Increased activity of the occurs in other conditions including , diabetes, arrhythmias, and obstructive , and pilot studies indicate that renal denervation may be an effective therapy.

Dr Mahfoud said: "We have known for decades that high sympathetic activity could be a target for treatment but until now we haven't had a way to do it. We now have a new treatment modality which allows us to reduce sympathetic activity and I'm optimistic that we will get new indications for renal denervation."

The paper states that renal denervation is currently indicated for blood pressure control in patients with treatment resistant hypertension (defined as systolic blood pressure >160mmHg or >150mmhg in type 2 diabetes) despite treatment with at least three antihypertensive drugs of different types in adequate doses, including one diuretic, and lifestyle modification. Screening should be conducted to exclude patients with secondary causes of hypertension that are potentially curable.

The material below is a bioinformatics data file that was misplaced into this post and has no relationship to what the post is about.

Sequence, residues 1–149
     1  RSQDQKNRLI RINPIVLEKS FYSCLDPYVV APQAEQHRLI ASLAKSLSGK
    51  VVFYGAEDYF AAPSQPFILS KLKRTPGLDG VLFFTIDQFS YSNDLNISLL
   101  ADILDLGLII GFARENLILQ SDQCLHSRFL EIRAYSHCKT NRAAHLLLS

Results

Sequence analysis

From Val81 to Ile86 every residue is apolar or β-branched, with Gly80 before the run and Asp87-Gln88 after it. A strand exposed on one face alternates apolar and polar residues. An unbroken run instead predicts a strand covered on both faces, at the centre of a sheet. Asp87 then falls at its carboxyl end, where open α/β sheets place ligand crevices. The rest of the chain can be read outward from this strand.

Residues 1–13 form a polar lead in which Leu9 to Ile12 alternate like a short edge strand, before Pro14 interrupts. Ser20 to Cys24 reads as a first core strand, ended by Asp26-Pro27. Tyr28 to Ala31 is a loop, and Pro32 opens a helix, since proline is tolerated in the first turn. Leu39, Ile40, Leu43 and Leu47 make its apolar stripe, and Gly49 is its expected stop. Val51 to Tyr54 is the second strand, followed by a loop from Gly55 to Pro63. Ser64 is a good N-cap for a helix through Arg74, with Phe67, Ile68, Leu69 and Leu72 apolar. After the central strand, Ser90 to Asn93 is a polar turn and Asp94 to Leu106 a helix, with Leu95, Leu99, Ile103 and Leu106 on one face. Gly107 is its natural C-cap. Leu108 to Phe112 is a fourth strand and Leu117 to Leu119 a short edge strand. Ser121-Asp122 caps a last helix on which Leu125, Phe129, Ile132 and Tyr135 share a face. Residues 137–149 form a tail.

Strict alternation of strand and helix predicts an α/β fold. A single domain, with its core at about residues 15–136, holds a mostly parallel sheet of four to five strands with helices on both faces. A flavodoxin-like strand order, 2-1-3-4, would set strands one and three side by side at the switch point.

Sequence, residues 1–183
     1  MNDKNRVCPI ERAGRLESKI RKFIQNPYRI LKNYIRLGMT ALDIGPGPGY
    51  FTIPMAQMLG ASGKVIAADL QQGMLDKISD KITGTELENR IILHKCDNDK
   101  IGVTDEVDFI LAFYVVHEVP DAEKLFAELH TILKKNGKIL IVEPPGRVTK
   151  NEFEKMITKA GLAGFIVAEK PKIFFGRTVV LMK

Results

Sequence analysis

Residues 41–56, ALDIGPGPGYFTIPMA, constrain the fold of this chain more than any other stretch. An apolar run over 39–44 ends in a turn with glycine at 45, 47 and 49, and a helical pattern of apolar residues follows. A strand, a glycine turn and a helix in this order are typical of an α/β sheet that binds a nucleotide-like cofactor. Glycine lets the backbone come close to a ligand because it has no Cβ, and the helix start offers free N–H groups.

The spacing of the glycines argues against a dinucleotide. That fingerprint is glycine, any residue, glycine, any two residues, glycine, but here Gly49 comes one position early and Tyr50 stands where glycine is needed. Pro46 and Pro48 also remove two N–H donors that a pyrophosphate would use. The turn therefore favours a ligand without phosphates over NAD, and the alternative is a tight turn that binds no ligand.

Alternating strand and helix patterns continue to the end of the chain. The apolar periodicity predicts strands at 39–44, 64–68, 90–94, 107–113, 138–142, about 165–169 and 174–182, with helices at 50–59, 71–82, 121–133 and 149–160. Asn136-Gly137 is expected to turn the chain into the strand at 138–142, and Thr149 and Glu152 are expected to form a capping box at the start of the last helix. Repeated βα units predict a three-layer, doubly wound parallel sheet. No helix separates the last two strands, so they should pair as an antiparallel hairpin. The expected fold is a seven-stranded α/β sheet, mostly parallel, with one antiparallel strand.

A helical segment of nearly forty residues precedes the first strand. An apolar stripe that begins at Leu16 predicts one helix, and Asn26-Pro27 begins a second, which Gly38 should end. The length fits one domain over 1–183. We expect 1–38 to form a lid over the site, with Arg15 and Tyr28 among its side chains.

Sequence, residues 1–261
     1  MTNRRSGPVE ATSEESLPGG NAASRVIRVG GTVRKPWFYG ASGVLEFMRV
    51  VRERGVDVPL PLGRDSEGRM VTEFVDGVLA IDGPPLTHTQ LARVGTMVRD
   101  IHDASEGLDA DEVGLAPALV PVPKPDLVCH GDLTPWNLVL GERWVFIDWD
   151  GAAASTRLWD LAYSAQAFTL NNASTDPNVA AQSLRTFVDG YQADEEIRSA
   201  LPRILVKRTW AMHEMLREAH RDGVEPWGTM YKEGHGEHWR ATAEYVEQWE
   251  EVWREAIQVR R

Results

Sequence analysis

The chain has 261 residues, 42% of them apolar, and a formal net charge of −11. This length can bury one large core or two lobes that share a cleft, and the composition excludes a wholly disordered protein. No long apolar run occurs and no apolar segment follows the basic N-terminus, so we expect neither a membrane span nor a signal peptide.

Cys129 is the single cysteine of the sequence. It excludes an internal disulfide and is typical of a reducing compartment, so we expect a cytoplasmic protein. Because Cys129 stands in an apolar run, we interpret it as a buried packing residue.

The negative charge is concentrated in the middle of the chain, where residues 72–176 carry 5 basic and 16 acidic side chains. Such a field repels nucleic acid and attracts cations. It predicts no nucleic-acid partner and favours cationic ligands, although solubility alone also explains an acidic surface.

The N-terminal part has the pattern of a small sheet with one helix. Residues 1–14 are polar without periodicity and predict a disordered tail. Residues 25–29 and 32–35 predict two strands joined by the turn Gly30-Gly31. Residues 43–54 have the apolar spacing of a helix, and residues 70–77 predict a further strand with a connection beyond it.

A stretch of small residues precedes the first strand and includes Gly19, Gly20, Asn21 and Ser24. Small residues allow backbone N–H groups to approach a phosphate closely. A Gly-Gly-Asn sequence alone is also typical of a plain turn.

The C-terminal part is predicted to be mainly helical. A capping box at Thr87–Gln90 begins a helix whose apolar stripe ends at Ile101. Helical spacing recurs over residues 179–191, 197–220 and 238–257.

Centres should be specialised in the management of hypertension. At least one hypertension expert should be involved in treatment and screening and the intervention should be performed by interventional cardiologists or angiologists with training in percutaneous renal artery access. Centres should perform more than 25 renal artery interventions per year to ensure they have the required experience.

The Symplicity HTN-1 trial showed that renal denervation had a sustained blood pressure lowering effect over three years2 but longer efficacy data is needed. Dr Mahfoud said: "We treated the first patient three years ago and so far there is no sign of renervation. Long term follow up of these patients is needed."